I like to point out presence of games in the literature. I have already described Whist, noble game loved by Phileas Fogg from the Jules Verne’s novel. Today, I would like to present you the game of Ecarte, which occurs in books about Sherlock Holmes and not only there.
Earlier I have described basic variants of Draughts and by the way I explained that draughts (checkers) is not one game. Draughts is a huge family of games with some common rules. In most draughts games pieces move diagonally, but there are also variations where pieces move in straight lines (orthogonally). Today I would like to show you three variants of orthogonal draughts – Turkish Draughts, Croda and Dameo.
Game of othello becomes increasingly popular, but many people know this game as “reversi“. Even in some Wikipedia posts you can read that reversi is another name of othello. In fact, they are two different games. Both played on 8×8 board with two-color discs, but details are different.
I would like to bring you closer to the rules of these two games. I would like you to perceive the differences.
I wrote about the game of whist, which was the favorite game of Phileas Fogg, protagonist in the novel “In eighty days around the world” by Jules Verne.
I wanted to show you a game that Phileas Fogg could play if he had really lived. I had a problem because there are many variants of Whist, and the Verne’s book is not clear about Fogg’s favorite variant. I already described simplest Whist variant but I also pointed out, that Fogg could play so called “Solo Whist”. This variant was especially popular in the XIX century in England and today is still known in UK.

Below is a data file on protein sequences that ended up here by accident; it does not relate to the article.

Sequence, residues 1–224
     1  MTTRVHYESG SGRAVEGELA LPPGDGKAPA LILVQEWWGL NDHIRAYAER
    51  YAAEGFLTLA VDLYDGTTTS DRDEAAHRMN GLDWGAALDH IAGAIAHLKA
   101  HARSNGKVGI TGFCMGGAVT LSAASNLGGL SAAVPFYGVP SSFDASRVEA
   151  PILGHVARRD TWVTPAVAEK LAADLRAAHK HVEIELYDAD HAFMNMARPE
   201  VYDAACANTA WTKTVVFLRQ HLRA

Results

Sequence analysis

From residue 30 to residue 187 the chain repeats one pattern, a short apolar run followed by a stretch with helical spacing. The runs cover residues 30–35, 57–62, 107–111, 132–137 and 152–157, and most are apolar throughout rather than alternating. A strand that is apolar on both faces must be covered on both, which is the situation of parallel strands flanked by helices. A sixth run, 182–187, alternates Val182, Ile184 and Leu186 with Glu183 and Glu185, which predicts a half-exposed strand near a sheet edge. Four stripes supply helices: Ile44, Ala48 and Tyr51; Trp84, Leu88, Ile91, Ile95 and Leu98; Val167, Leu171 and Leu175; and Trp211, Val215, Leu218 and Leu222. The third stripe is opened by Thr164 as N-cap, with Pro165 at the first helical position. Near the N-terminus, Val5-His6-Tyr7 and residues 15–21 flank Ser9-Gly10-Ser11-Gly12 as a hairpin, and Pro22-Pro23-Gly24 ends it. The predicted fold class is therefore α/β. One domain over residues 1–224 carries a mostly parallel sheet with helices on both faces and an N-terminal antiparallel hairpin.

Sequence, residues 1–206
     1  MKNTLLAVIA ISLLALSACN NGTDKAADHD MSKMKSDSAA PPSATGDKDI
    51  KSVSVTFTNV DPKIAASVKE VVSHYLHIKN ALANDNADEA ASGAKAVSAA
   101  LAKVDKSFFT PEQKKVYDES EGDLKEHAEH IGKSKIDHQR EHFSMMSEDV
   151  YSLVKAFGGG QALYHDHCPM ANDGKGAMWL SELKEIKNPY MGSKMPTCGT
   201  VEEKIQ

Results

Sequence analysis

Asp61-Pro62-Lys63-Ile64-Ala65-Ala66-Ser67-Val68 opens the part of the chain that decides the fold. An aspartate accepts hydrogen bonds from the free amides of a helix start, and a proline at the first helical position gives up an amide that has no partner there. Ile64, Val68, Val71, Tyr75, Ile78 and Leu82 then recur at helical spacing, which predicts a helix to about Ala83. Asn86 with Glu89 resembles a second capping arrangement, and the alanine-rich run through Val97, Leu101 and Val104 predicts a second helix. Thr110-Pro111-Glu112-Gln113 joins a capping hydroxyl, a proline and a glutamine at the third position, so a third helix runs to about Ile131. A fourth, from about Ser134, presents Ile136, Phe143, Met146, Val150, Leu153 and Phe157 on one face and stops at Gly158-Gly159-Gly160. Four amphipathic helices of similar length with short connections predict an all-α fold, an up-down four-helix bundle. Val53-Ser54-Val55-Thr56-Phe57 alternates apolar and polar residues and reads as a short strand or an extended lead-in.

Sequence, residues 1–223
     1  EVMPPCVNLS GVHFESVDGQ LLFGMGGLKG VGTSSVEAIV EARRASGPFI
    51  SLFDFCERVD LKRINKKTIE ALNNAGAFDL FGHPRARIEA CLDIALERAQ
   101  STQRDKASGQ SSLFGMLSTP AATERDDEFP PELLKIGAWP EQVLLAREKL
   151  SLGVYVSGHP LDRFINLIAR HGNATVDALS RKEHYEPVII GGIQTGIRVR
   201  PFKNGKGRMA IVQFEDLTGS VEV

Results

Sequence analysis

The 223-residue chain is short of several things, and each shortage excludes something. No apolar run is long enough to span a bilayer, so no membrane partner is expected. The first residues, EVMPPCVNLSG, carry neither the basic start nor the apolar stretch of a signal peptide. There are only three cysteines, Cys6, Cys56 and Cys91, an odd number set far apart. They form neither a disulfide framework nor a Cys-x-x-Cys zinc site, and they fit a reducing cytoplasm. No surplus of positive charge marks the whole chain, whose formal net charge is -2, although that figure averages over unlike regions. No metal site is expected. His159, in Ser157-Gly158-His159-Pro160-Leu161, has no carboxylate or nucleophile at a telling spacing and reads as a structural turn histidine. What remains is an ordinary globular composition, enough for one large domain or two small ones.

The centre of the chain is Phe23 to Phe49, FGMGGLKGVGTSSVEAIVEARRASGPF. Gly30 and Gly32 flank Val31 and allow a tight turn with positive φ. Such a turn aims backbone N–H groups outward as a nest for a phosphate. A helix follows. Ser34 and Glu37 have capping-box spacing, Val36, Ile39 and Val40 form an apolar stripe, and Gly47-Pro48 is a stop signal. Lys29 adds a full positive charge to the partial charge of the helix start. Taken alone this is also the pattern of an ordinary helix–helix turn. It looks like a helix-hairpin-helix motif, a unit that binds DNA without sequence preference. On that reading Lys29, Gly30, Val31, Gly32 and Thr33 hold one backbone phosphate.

I already wrote on Halatafl game and its variants such as Freys-tafl. Generally, these are “fox games”, where one player plays with the “fox”, and another player plays with “geese”. Aim of the game is different for each player.
In some Halatafl variants there is only one “fox”, and the aim of the game is to kill the Geese (for Fox) or to block Fox (for Geese). Today I want to show you three slightly different variants in which there are two Foxes, and players fight for a territory.
Most board games have fairly simple boards. Usually with square fields arranged in simple shape or a set of intersecting lines. Rarely boards have circular shape or fields arranged in interesting pattern.
There are of course a few games that have fancy boards. I already described Russian game Spider and flies, which is an interesting example. Now I’m going to describe another Russian game with fantastic board – Vsadniki.
I love Draughts (Checkers), but in the past had one problem with them.
During my pedagody studies I had internship at the community day center. There was a draughts set, and of course kids were playing. Unfortunately it was a source of many conflicts, because kids quarreled about rules. Can you capture backwards? How do you move King? What to do when someone forgets about capture? When piece is crowned? And so on and so forth. Kids’ doubts were partly fueled by the Internet. There were always someone who “played on the internet this way” and he was sure about the “only right” rules.